GAA Director General Páraic Duffy admitted it was “unacceptable” Patrick McBrearty suffered a bite against Dublin and it was embarrassing for the Association that “nobody was held to account.”
Donegal officials provided both photographs and medical reports to prove their corner-forward had been bitten in Donegal’s Allianz National League Division One draw against Dublin in Ballybofey last month.
The Central Competitions Control Committee (CCCC) initially proposed a three-match ban for Dublin corner-back Kevin O’Brien.
However O’Brien chose not to accept the ban, for what the CCCC deemed a Category Three offence, and was eventually cleared by the Central Hearings Committee (CHC).
“It is unacceptable that a player did suffer a bite and that no-one was held to account and I think everyone has to look at the part they played in that,” Duffy said at the launch of RTÉ’s Championship coverage in Dublin yesterday.
“In terms of our processes, I believe they were fair. They were robust and I think we could not have done any more. The case collapsed because of lack of evidence and that’s the reality of it.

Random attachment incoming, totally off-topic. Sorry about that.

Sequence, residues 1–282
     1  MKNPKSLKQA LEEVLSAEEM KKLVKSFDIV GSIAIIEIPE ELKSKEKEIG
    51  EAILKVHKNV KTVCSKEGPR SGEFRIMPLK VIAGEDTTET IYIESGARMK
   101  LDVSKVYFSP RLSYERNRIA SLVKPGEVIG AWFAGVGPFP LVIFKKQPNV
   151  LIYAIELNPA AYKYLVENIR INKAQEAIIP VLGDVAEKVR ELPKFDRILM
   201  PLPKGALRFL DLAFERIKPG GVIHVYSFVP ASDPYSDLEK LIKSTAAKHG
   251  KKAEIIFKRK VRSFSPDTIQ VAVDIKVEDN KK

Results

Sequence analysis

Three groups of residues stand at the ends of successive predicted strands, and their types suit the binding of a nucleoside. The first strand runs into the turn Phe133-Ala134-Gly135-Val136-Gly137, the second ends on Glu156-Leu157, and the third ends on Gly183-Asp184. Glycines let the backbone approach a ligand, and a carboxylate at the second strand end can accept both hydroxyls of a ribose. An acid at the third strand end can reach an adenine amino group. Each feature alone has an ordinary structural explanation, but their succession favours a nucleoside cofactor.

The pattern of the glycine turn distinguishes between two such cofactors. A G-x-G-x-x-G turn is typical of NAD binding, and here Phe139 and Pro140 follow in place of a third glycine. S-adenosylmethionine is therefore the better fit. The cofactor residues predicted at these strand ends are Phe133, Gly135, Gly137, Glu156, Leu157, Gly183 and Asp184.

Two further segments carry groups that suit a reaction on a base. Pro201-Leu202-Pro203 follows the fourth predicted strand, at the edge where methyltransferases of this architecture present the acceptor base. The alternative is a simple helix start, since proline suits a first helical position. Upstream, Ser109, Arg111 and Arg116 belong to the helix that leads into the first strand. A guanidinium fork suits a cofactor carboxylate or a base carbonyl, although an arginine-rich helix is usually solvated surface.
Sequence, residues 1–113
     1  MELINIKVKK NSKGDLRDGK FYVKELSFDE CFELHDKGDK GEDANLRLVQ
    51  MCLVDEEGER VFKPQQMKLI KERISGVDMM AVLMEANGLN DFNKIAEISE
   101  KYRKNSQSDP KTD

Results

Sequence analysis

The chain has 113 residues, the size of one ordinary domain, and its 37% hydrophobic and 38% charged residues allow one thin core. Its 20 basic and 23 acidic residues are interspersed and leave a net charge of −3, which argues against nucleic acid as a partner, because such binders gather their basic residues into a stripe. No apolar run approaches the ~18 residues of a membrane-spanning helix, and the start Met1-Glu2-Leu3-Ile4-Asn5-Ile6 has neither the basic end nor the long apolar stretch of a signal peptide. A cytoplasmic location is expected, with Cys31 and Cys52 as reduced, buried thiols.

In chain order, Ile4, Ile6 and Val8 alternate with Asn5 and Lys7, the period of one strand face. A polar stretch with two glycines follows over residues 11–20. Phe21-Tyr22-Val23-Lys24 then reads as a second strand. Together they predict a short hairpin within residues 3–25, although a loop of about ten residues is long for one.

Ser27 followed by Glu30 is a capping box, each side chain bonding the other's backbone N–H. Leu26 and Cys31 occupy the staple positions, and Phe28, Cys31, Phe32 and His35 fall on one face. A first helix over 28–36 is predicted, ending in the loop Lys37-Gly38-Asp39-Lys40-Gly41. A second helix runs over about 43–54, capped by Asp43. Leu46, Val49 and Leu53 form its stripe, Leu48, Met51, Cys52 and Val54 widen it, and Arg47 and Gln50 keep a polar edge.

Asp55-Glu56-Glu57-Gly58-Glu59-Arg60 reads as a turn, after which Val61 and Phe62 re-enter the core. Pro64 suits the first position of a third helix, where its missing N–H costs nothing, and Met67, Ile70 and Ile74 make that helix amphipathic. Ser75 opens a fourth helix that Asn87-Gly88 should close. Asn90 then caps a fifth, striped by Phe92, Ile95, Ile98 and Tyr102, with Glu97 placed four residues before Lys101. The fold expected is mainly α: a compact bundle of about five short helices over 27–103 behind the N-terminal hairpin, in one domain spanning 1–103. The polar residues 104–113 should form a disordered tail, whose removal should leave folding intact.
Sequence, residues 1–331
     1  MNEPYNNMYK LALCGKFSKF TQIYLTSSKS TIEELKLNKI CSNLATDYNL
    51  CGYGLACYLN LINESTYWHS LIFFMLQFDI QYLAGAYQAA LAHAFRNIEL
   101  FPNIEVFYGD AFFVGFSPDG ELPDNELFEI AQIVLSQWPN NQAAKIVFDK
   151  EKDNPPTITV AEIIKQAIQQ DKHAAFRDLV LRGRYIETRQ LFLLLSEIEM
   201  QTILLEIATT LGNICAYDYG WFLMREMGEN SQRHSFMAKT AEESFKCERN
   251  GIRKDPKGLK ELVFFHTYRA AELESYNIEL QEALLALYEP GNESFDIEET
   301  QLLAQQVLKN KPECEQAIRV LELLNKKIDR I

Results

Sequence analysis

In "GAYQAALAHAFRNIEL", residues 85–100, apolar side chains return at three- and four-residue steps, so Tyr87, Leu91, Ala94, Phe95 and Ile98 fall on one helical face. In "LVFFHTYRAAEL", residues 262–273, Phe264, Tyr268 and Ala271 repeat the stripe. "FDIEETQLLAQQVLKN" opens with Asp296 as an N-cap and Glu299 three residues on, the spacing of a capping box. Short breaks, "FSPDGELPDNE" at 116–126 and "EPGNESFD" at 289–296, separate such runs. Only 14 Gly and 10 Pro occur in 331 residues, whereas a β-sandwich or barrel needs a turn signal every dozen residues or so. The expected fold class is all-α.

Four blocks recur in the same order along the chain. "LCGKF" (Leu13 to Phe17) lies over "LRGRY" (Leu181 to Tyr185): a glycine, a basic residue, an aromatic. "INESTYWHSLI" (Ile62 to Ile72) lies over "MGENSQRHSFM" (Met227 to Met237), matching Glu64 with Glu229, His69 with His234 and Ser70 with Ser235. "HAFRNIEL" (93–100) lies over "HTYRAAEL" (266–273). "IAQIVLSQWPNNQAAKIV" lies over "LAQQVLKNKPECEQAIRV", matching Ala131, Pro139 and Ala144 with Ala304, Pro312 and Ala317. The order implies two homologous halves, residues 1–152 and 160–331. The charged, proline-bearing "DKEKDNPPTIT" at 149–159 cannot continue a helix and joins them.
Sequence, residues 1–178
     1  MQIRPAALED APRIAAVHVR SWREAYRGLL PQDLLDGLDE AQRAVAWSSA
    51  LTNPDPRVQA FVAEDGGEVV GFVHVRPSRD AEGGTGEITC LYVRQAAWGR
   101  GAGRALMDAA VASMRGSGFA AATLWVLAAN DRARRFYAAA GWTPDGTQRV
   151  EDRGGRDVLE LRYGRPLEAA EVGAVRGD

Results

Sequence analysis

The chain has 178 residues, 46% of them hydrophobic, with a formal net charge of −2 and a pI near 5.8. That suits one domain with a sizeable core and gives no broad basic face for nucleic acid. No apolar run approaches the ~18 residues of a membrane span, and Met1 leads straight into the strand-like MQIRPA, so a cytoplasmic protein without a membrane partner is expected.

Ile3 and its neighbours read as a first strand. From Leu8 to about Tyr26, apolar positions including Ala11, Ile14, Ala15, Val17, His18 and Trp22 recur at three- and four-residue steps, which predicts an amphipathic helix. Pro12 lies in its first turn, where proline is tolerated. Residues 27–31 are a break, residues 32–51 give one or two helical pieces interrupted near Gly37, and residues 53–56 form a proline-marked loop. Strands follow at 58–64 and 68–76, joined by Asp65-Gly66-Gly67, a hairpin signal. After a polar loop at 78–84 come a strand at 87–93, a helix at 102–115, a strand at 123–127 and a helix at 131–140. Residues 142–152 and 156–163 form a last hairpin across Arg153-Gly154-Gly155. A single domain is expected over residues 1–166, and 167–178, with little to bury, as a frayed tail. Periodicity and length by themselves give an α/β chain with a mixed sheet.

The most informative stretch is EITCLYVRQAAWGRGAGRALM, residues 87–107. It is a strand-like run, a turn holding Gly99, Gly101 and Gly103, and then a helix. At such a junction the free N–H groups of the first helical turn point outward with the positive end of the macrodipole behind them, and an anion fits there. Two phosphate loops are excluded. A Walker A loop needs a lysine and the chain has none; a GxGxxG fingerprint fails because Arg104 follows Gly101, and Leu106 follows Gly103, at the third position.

“But short of someone admitting it and owning up to it, the only other way of producing an outcome was that the player would attend a hearing and say ‘I was bitten by ...’.
“He chose not to do that and that’s the player’s right to do that. From the GAA’s point of view, I accept that it has been damaging. It has damaged the reputation of the Association that a player suffered a bite and nobody was held to account.”
GAA President Liam O’Neill admitted the week before last that the CHC were left with only “flimsy evidence” after 19-year-old McBrearty made the decision not to attend the hearing.
At last Thursday’s Championship press night in Ballybofey, Donegal manager Jim McGuinness, hit back at O’Neill’s remarks and launched a stern defence of his player.
“Patrick was bit,” he said. “We knew he was bit at half-time. Our doctor confirmed he was bit. The Dublin doctor confirmed he was bit. The hospital who took him in confirmed he was bit.
“The thing was reported to the referee and was put into the hands of the CCCC. They had a strong enough case to ban the player and in the last two weeks I am reading negative articles about Patrick, and he was the victim in this.
“The Dublin player in question apologised to him after the game for what he had done. The young fella didn’t want to go to the hearing and that’s the bottom line. It wasn’t up to Patrick, in my opinion, to win the case for the CCCC.”
Dublin County Board chairman Andy Kettle said on Friday he believed talk on the matter should be put to an end.
“It’s over,” Kettle said. “There was a Dublin player cited. He went through the disciplinary procedure of the organisation. There was found to be no evidence against him, so as far as Dublin are concerned, it’s over. A player is innocent until proven guilty and the Dublin player cited has been pilloried while being exonerated by the procedure.
“If it were Dublin, Dublin would have accepted the verdict of the disciplinary process and left it at that.”